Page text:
Convenience has always been one of the greatest enemies of security. Our online activities are constantly increasing and with them the number of accounts we create at various online services. It is very tempting to use a single, easy to remember password for all those accounts.
Using the same password for everything is of course convenient, but can be disastrous for your online safety. If for example, one of the websites that you have an account with is hacked and the hackers steal your credentials, they will have access to your email, social accounts and online banking account as well.
If you also happen to be the owner of a website or an e-Shop, then the stakes are even higher. As a website owner, you are not only responsible for your own information, but you are also responsible for the information of the hundreds or thousands of your users. You owe it to the people who trust you with their personal data to maintain good security standards on your own website.
The general guidelines for a secure password are as follows:
- It must be more than 12 characters and contain uppercase and lowercase letters, numbers and symbols
- Never use it for more than one account
- You should change it once a year
- Do not use a common English word
- Do not include in it any personal information like a name, nickname, pet name or date of birth
One other important thing to be aware of is how hackers crack passwords. A hacker will not sit in front of his screen and try to guess your password; this is something your girlfriend might do. What usually happens is that when a website is hacked the hacker grabs the entire database with all of the users’ credentials.
If the website saves passwords in plain text, which would be a horrendous disregard of their users’ safety, then the hackers will have your password. If you use the same password everywhere, then they will probably have full access to your entire online world, with whatever that entails.
If on the other hand the website hashes passwords before saving them to their database, then the hackers will have to try to brute force your hashed password instead. They can use very expensive computers with powerful graphic cards that allow them to try millions or even billions of combinations per second.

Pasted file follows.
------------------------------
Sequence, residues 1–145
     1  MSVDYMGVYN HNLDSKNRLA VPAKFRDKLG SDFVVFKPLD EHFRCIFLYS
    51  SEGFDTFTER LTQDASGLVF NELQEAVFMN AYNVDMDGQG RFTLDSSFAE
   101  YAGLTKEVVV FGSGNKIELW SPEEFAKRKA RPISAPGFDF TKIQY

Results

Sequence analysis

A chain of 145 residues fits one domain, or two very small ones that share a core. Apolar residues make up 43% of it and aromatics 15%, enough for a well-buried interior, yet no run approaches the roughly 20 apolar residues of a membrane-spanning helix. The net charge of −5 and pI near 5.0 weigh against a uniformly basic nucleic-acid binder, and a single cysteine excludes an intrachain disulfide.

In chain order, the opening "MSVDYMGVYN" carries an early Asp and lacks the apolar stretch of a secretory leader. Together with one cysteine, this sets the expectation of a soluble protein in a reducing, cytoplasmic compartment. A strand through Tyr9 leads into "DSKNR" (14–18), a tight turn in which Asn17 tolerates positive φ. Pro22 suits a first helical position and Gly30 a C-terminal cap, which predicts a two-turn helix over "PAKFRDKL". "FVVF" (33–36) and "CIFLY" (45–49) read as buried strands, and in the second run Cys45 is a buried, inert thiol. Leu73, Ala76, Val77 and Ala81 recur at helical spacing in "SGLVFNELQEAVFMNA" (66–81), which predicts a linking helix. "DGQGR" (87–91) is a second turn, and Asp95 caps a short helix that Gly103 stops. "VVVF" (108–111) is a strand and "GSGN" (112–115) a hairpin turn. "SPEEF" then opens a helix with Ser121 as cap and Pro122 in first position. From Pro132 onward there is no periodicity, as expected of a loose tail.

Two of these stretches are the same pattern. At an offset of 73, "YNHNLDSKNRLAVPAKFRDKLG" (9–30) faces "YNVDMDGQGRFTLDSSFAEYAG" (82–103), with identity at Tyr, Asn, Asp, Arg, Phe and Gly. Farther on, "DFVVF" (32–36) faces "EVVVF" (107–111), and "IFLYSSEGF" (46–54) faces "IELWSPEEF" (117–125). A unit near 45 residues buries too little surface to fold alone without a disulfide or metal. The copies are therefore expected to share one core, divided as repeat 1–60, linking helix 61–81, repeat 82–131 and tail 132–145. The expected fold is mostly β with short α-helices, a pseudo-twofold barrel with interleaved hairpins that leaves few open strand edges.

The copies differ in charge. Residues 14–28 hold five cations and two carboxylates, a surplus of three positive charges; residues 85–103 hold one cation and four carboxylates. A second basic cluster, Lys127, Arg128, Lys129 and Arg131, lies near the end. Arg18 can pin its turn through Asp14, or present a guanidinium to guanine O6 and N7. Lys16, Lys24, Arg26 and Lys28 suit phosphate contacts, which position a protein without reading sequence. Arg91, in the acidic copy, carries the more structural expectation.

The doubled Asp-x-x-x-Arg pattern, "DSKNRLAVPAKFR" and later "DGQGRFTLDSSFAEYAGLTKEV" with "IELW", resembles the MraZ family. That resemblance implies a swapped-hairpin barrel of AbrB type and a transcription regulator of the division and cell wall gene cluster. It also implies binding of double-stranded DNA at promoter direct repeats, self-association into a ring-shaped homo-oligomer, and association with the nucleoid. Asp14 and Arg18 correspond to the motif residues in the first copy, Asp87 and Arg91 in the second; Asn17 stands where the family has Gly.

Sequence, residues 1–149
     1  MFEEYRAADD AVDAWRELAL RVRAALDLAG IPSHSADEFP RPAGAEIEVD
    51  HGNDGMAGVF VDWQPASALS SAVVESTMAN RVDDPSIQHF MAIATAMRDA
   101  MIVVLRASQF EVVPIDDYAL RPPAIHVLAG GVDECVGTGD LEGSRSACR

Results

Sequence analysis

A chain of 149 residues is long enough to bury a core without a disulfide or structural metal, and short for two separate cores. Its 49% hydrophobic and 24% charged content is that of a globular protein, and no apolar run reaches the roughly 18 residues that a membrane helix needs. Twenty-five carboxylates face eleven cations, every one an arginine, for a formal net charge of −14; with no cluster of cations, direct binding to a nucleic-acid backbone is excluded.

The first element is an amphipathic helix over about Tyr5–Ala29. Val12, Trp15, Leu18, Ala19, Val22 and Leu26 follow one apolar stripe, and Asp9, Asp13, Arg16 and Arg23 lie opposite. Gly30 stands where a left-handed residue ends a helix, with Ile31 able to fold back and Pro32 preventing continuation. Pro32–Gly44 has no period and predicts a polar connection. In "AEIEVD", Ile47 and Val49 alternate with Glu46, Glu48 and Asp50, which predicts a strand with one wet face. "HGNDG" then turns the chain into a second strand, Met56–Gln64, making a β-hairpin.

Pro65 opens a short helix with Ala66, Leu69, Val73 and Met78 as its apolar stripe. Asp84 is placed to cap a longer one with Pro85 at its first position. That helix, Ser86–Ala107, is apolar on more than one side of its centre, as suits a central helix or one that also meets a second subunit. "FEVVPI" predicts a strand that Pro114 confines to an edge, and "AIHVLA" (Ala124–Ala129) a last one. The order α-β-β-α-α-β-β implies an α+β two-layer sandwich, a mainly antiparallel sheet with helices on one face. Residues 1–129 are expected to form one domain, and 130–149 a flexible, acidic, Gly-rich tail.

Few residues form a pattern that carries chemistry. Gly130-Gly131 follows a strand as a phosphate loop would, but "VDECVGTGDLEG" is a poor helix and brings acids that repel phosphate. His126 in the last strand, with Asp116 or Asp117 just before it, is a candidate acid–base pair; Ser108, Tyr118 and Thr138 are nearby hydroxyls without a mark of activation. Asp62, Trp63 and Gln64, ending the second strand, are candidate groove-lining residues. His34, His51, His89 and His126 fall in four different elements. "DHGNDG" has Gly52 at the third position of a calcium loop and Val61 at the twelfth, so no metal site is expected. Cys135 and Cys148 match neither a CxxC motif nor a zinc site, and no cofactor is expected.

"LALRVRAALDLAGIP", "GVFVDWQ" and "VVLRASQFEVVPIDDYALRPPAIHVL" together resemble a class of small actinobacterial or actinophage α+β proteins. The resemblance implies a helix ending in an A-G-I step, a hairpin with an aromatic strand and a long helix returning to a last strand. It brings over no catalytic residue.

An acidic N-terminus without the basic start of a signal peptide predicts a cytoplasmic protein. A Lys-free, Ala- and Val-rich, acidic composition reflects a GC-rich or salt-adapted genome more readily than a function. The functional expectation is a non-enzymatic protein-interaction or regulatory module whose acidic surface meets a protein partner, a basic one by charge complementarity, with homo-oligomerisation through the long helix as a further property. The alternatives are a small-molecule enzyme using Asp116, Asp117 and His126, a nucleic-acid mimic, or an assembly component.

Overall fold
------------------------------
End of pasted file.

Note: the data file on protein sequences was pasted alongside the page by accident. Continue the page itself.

They can also use dictionary attacks and try the most common words / passwords first in order to speed up the process. If your password is something like "passw0rd" then it will break in a couple of seconds.
How to create a hard to guess password
The whole idea behind a password is to be hard for a hacker to crack, but easy for you to remember. This is the reason why security experts introduced the concept of the passphrase. A passphrase can consist of at least six randomly chosen words, which is a lot easier to remember than a huge number of unrelated characters.
The chosen passphrase must not be a popular phrase like for example "An apple a day keeps the doctor away". These already exist in the dictionaries hackers use to break passwords and they will crack them easily.
Instead, you should choose six or more unrelated words like artery, lemon, dogma, sugar, frost and sofa. It is highly recommended to use the dice method suggested at this website to get your random words.
The words above would give us the passphrase arterylemondogmasugarfrostsofa which is 30 characters long. With little effort, you can memorize these words, something that would be impossible to do with 30 random characters.
To increase the security of your passphrase, you can make up your own scheme to make it even more complex. For example, you can make every other word capitalized, like arteryLEMONdogmaSUGARfrostSOFA or swap some letters with symbols and numbers like @rteryLEM0Nd0gm@$UG@Rfr0$t$0F@.
Use a password manager to manage your passwords
It is not only inconvenient, but also impossible to use the above technique for every account you own. You could do it for two or three critical accounts like online banking and your main email account, but no more.
The use of a password manager nowadays is almost mandatory. A password manager is an application that securely stores all of your passwords. Of course, the password manager itself requires a master password in order to access it.
You should create the master password using the method described above. The password manager will then be responsible to generate and "remember" all the other passwords. This allows you to create really long, complex and unique passwords for all of your accounts.
There are many good options out there both paid and free. I personally use and recommend KeePass. It is free, open-source and in my opinion, the most secure. It might not have all the bells and whistles out of the box that other commercial applications have, but there are many good and free plugins, that you could use to extend its functionality.
Finally, it is very important that you secure your computer and any other devices. You must install a good antivirus solution and keep your system up to date. No matter how complex your password, if a hacker or a key-logger makes it into your computer, then they are most likely to get it anyway.